Life lessons learned while splitting logs

5 years ago, I bought a slice of Heaven which I affectionately call #OwenHollow.

Owen Hollow is an uncommon 21 acre piece of land which I own to the ridges at the end of a 1/2 mile long gravel driveway. It’s beauty is stunning – even ineffable in every way.

My Holler happens to be nestled into, what I believe to be @ 10,000 acres of raw forest – Just a rather large gathering of Hollows with a very complex series of ridges and draws and valleys and streams . . . I know so because I’ve managed to find myself lost in those woods many times. Luckily, my prior military experience has helped me extricate myself eventually.

My house is a simple farm house with a classic red goat barn – nothing fancy here and teaming with many flowering trees and plants planted by the prior owners.

Owning a property like this comes with much responsibility. Sadly, the prior owner lost her husband 8 years before I bought it, and it had been neglected for many years. For the first 4 years, I had MUCH to do including removing 15 truck-loads of debris found throughout the entire property, in the barn, and the house crawl space. Additionally, the 3 fields had been overtaken by several hundred saplings @ 20′ tall. This was great therapy for me . I considered it a privilege to be able to give it the love it deserves. Along the way of this “Restoration”, I learned the importance of having the right tools. I began removing the saplings with a cordless, electric sawzall and bought a good push mower. That worked well until I discovered it would be @ 6 acres of steep mowing, so I bought a commercial grade John Deere Tractor/Mower and weed-eater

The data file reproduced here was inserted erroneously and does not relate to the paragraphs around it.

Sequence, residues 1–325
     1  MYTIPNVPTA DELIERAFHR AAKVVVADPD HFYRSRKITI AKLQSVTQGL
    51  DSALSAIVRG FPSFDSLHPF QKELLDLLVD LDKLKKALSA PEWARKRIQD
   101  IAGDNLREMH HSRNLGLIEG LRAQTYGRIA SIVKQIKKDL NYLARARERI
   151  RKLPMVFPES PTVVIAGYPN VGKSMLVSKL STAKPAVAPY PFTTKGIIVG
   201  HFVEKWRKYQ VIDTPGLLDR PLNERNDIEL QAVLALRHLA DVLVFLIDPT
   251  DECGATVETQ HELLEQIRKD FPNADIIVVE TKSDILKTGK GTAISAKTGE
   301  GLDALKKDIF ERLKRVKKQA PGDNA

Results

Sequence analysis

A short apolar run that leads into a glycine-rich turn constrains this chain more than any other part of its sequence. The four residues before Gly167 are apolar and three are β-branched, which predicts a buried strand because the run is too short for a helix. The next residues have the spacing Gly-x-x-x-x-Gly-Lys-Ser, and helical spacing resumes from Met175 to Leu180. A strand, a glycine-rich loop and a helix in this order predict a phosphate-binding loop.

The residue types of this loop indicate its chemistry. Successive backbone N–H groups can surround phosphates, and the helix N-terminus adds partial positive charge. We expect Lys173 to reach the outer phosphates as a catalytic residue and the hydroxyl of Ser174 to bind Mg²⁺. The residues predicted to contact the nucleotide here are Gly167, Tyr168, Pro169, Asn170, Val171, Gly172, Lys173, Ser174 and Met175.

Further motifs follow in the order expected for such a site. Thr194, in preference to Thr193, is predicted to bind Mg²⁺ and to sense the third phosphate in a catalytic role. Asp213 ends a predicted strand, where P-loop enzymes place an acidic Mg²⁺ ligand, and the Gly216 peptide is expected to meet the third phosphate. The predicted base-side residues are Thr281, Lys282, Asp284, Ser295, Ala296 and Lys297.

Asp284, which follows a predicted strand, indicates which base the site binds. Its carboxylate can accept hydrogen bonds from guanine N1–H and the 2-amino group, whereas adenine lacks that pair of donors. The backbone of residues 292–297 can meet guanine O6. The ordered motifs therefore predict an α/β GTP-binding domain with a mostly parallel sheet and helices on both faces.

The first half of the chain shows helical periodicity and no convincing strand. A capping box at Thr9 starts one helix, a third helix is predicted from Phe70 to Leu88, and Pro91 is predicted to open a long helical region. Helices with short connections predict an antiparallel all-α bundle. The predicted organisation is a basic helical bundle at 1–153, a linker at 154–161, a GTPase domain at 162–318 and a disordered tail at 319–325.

Falling trees and limbs required a chain saw which had a learning curve of its own in terms of operating and maintaining. I got a LOT of practice with that Chainsaw, and having installed a wood burning stove in the house created, the mandate to cut 18″ long logs. The thing I learned most about the chainsaw was that the work is much easier when the teeth are sharp.

All the while, I was splitting the logs with an axe and a maul. WOW! That was back-breaking work. For the 1st 4 years, I split all of my logs by hand . . . A few months ago, I saw an ad for an electric log splitter at Harbor Freight . . . and while there, I also grabbed a Generator.

This weekend, I decided to make a go at splitting logs with that splitter. I was skeptical because it was relatively inexpensive . . . and amazingly SIMPLE. No complexity whatsoever. Well – yesterday, I split more wood in 3 hours than I had split by hand during the prior 4 years . . . and NO backache!

So . . . What did learn?

Having the right tools is important

Maintaining these tools is essential for ease and efficiency of operation

Are you using the most current tools/technology?

Isn’t it true that we often stay with the old tool because that takes us out of our comfort zone, and we don’t like change.

But . . . even when it offers leverage that creates easier and more efficient work flow and production?

Try not to let sentimental nostalgia keep you in the dark ages.

Published by Barry Owen

Strategist-CEO of Pareto Realty Real estate sales Professional Inviter-Facilitator-Practicer of Open Space Technology Opening safe space for people & organizations to self-organize around issues & opportunities BarryOwen.US Invite-Listen-Love

Join the Conversation

1 Comment

Leave a comment

Your email address will not be published. Required fields are marked *